The Best (and Worst) Ways to Handle Noise Complaints

by Chris on April 15, 2013

Noise — it’s likely the number one complaint landlords hear from tenants. Perhaps that’s because it can come from so many sources, and because people have such different tolerance levels.

That can make it difficult for a landlord to come up with an effective strategy for handling noise complaints.

Landlords should anticipate noise problems and set the standards in the tenancy agreement or house rules.

The most common complaints are noises at night that interrupt normal sleeping hours. So restrictions on excessive noises during that time make sense.  These rules should also address parties, where voice levels and movements tend to increase.  Some landlords opt for a ‘noise curfew’ during specific hours.

Carefully screen tenants. Speak with previous landlords and ask about past noise complaints involving new tenant. Don’t take on someone else’s problem.

Some noises a landlord simply can’t regulate — like a crying infant. Know when to tell the complainer they’ll just have to get used to it. Sometimes life is noisy!

Make sure pets are addressed. Tenants must understand that allowing a dog to bark incessantly could result in them both looking for a new home.

It’s helpful to see if there are noise standards in local bylaws or ordinances and to incorporate those standards into the rules.

Treat every tenant the same.

Decide whether to offer a warning before taking more serious action against the offending tenant.

Keep a written record of noise complaints in the event that a tenant becomes a chronic problem.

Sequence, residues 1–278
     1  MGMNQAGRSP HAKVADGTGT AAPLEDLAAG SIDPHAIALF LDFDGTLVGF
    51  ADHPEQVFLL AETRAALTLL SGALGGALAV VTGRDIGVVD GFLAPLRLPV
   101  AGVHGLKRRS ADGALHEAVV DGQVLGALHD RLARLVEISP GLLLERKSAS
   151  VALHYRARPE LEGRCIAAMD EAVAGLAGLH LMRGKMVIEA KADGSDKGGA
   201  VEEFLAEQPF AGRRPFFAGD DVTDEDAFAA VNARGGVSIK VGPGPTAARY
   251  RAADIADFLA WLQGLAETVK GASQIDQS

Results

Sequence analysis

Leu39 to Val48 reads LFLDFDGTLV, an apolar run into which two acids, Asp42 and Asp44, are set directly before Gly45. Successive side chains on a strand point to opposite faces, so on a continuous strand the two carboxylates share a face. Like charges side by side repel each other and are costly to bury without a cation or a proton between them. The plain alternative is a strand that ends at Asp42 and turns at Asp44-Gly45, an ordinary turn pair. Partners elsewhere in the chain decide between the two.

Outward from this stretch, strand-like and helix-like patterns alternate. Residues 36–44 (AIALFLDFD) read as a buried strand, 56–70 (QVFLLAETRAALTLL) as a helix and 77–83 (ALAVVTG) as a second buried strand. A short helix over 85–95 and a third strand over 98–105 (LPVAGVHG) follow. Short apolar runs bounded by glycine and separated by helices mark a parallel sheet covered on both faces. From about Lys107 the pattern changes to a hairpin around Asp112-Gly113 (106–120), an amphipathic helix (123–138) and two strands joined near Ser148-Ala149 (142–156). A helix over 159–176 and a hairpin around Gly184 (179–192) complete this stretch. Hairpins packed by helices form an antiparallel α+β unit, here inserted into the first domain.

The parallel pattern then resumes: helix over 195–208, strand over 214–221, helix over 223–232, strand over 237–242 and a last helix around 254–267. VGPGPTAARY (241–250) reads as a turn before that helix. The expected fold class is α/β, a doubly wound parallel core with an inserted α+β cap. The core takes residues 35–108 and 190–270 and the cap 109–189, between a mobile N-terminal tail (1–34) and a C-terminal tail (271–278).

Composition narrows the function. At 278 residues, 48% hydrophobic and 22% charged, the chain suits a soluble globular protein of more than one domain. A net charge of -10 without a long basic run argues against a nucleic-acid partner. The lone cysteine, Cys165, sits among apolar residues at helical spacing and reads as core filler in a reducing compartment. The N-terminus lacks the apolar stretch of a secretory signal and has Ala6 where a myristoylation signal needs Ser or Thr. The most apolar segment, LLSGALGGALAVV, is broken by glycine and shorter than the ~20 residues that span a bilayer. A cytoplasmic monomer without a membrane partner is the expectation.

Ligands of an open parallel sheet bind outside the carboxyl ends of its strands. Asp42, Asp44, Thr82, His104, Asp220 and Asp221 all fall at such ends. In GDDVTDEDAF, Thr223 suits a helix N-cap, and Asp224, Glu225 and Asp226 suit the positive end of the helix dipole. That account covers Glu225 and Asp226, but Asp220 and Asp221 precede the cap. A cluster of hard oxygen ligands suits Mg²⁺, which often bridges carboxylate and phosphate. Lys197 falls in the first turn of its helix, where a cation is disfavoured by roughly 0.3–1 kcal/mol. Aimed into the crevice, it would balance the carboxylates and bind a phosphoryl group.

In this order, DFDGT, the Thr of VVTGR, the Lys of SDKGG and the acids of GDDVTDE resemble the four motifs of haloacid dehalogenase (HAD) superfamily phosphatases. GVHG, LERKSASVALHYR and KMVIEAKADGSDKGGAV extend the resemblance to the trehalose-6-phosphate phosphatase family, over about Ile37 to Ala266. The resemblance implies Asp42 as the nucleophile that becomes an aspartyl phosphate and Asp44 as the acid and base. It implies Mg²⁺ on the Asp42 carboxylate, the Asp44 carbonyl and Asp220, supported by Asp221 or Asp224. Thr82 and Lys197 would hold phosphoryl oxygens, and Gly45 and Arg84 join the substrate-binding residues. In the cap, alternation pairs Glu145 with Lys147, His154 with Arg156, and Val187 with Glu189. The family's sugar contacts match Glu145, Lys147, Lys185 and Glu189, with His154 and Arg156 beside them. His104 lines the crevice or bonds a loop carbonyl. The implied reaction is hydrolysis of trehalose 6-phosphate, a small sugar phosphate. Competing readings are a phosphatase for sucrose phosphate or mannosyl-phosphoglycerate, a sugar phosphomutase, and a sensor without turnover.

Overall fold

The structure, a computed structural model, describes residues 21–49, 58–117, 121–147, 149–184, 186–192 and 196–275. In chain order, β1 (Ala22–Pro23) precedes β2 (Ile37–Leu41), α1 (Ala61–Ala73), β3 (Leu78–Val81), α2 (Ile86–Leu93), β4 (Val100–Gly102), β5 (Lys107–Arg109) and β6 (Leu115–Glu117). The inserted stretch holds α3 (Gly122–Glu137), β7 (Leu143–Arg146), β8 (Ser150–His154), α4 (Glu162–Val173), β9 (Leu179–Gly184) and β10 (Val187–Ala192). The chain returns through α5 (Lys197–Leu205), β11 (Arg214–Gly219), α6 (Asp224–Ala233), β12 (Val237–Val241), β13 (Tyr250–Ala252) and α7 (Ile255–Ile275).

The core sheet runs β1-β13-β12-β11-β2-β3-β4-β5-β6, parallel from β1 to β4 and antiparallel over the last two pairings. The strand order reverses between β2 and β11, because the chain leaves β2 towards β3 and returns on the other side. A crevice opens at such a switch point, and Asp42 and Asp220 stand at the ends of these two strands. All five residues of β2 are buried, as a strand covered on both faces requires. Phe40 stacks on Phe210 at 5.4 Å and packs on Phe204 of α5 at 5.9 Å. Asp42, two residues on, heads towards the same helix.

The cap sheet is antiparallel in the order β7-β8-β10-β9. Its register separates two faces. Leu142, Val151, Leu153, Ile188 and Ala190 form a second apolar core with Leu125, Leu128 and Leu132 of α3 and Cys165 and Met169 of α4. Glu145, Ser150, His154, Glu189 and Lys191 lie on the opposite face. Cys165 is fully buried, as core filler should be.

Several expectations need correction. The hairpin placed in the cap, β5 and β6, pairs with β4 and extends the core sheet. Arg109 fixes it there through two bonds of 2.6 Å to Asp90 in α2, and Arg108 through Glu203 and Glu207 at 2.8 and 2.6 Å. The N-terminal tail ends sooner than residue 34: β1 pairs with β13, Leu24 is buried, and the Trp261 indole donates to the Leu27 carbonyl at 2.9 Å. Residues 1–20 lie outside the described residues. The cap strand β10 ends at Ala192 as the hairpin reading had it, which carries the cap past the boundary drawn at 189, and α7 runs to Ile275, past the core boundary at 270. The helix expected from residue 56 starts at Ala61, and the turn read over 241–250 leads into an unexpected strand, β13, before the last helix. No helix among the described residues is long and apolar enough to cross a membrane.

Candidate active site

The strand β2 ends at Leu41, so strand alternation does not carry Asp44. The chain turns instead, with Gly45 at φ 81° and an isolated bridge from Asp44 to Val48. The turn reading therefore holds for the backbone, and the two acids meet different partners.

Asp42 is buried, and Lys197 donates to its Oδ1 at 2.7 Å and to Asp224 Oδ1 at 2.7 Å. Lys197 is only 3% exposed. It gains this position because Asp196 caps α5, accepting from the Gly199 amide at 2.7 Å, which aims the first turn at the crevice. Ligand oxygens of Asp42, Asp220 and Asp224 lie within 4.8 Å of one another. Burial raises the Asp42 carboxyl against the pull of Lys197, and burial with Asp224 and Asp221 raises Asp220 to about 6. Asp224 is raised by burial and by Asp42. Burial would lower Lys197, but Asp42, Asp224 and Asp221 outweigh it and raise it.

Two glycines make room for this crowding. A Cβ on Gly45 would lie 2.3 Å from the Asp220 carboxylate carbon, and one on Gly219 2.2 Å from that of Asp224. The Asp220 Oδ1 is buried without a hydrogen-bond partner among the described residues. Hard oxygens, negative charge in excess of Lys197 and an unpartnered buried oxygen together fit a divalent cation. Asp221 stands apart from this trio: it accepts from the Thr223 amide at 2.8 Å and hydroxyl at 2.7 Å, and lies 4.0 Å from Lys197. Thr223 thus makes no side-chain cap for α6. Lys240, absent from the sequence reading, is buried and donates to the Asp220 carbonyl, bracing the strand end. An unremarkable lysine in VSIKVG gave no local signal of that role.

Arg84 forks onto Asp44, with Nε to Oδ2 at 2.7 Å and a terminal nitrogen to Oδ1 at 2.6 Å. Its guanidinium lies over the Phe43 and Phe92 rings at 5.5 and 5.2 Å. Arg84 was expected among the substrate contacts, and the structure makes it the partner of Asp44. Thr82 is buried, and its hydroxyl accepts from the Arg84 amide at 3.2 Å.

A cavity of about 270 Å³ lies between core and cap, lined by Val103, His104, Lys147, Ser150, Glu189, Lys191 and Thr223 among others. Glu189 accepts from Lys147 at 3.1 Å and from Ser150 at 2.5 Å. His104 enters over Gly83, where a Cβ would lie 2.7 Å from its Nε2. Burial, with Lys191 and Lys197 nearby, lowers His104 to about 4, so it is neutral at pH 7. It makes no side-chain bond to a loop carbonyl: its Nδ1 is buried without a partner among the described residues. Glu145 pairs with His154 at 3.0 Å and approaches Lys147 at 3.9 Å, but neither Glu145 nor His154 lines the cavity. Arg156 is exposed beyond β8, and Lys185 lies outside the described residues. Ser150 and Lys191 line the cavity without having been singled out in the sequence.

Be aware that some strategies can make a bad situation even worse. For instance, don’t ignore a noise complaint. Address the problem immediately. If at all possible, visit the area while it’s noisy to determine if action is warranted, or if the complainer is someone with unique sensitivities.

Don’t encourage tenants to contact one another to resolve the noise dispute. The animosity between them can escalate quickly, and one of them may threaten to move out, or worse, both tenants point their anger and frustration at the landlord.

Don’t encourage tenants to call the police on the offenders (unless they feel it’s a bona fide emergency.) Developing a history of police calls can scare off new tenants, lower the property value, and in some areas, cost the landlord in fines.

It’s easy to inadvertently discriminate when dealing with noise complaints. Examples include restricting children but not adults, or limiting the number of guests allowed at a family or religious gathering.  Consider the impact a policy will have on all tenants.

This post is provided by Tenant Verification Service, Inc., helping landlords reduce the risks of renting with fraud prevention tools that include Tenant Screening, Tenant Background Checks, (U.S. and Canada), as well as Criminal Background Checks, and Eviction Reports (U.S. only).

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Disclaimer: The information provided in this post in not intended to be construed as legal advice, nor should it be considered a substitute for obtaining individual legal counsel or consulting your local, state, federal or provincial tenancy laws.

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